So it’s Caroline who will be your saviour, or at least this is what you saliently pray as you make your way through the mall to the salon, beanie pulled down over your ears. A junior stylist and the only person available at zero notice. It does not bode well. But anything is better than orange, surely?!

She doesn’t laugh, but she also doesn’t quite not laugh. Then she applies some miracle lotion and suddenly your scalp isn’t burning anymore and she is the kindest soul, and most awesome human being you have ever met. She fixes the colour. She fetches you a cappuccino and a bagel while you wait. She engages in meaningful conversation instead of that awkward, meaningless chit chat that Jennifer usually subjects you to.

And then, the holy grail, she offers you a free haircut. “Change the style so that that’s what people will notice first”, she says. And boy will they notice. Junior stylist or not, Caroline could give Edward Scissorhands a run for his money. You feel like a new person. Light and airy and no longer weighed down by the stresses of that old style and those orange roots. People notice, they smile, they pay compliments; your self-esteem grows in leaps and bounds. And it’s largely thanks to Caroline. Life couldn’t be better. Until about a month later when you realise you need a trim.

For six solid years Jennifer was your stylist, as soon as you were “grown-up” enough to choose one for yourself. She’s seen you through triumphs and tribulations, graduations and break-ups. She knows your life history and you know hers. And she’s wonderful, really she is. It’s just that Caroline does a better cut. And now you have that cut there really is no going back.

But with calming relief you remember that Jennifer doesn’t work on Thursdays. So you will just get your hair cut on Thursdays from now on. Jennifer will never know. She’ll probably just forget about you – assume you moved away or are growing your hair out. You love it when a plan comes together. And so, before long, it is Caroline who knows your life history and it is Caroline who is seeing you through the good times and the bad. You have a comfortable rhythm, you understand each other, and things couldn’t be more perfect.

Then one dreary Thursday afternoon as you rattle on about work trauma and friends who are just too much effort, you spy her out of the corner of your eye. Jennifer. Covering for Miranda apparently. The hurt in her eyes is plain for all to see. She sees your new style, the radiant colour, the familiarity in your interaction with Caroline. She knows this is not the first time. She knows this is not a once-off. You have been seeing another hairdresser behind her back and you didn’t even have the decency to go to a different salon.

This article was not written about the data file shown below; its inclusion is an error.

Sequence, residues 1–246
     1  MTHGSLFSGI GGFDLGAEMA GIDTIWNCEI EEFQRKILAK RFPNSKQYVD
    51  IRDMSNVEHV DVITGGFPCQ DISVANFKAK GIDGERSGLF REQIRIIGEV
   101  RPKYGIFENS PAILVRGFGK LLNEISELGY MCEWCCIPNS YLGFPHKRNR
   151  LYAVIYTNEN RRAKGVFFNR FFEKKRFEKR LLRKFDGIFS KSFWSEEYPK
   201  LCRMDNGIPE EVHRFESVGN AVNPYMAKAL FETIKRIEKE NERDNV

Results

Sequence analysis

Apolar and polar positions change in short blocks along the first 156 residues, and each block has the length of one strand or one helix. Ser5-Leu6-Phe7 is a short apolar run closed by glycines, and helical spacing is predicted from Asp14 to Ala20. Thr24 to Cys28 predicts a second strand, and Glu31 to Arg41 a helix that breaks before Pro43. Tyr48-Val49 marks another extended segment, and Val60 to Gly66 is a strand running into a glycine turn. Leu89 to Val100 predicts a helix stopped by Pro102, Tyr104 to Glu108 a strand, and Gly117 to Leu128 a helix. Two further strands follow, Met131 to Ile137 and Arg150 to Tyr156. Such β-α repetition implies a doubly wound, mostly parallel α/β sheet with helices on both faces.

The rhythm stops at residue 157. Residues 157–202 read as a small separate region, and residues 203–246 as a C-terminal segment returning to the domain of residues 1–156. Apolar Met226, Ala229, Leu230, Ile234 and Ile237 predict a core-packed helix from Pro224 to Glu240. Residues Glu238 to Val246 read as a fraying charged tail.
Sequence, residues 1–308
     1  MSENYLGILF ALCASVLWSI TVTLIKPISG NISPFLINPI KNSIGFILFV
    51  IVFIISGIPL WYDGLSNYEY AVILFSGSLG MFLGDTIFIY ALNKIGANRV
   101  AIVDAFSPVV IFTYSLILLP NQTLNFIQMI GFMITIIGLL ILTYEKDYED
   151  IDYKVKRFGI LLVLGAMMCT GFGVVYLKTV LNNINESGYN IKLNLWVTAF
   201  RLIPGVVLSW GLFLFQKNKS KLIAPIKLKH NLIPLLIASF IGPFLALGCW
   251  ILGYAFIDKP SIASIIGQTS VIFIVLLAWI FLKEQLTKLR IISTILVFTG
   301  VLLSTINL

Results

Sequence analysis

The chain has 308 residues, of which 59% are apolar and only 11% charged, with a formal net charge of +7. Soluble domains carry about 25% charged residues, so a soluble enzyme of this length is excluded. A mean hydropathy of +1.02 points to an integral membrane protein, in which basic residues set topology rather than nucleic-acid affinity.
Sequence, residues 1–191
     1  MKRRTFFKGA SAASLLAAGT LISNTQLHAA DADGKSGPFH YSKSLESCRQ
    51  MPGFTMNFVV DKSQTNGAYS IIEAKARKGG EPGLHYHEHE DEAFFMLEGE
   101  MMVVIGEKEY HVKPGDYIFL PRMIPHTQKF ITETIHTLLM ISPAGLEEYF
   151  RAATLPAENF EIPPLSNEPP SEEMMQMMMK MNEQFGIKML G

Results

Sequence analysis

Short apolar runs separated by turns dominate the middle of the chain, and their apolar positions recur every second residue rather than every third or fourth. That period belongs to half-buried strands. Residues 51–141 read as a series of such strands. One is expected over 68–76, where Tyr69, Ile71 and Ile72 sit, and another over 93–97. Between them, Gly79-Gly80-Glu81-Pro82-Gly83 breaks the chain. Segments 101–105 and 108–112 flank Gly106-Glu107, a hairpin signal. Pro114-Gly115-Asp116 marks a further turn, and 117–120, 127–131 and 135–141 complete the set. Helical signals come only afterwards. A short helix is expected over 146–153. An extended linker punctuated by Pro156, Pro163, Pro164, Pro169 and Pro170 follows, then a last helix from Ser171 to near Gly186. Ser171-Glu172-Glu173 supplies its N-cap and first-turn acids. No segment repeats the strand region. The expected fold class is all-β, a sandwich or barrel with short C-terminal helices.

You try and justify it to yourself. You’re sure Jennifer still has enough clients to get by. You have to put your own needs first sometimes and a good haircut is a crucial part of the very fibre of your being. You know Jennifer would understand if she just gave you a chance to explain. But it’s too late for apologies. Her eyes, at once filled with pain and then filled with fury, tell you all you need to know. You have cheated on your hairdresser and there’s no going back.

Advertisements

Why is Nkandla Still Standing?

“After all is said and done, more is said than done”

-Aesop

Nkandla

South Africans have a lot to complain about. As winter approaches, it is the lingering threat of Eskom’s load-shedding; for us Gautengers it is the haunting prospect that one day SANRAL’s e-tolls will catch up with us and we’ll all be sent to prison; and for anyone with a nature loving bone in their body, it is the tragic impending extinction of rhinos. And that’s not to mention the truly sombre state of affairs when it comes to violent crime rates, government corruption and the ever widening gap between rich and poor. And yet, that seems to be all we South Africans do: complain.

Likes

We love to “like” activist groups on Facebook and to “share” their pictures to show our solidarity with the cause. We love to post angry comments on news24 and to phone in to 702 with our 2 cents worth. We love to “dialogue” and to boldly claim what we would do if we were in charge. But talk is easy. It makes us feel as though we have achieved something, when in actual fact everything is exactly as it was before the conversation started. Now, I am not saying that discussion cannot be productive, but it would seem that standing on the side-lines saying, “Someone should do something about that”, has become a destructive South African past-time.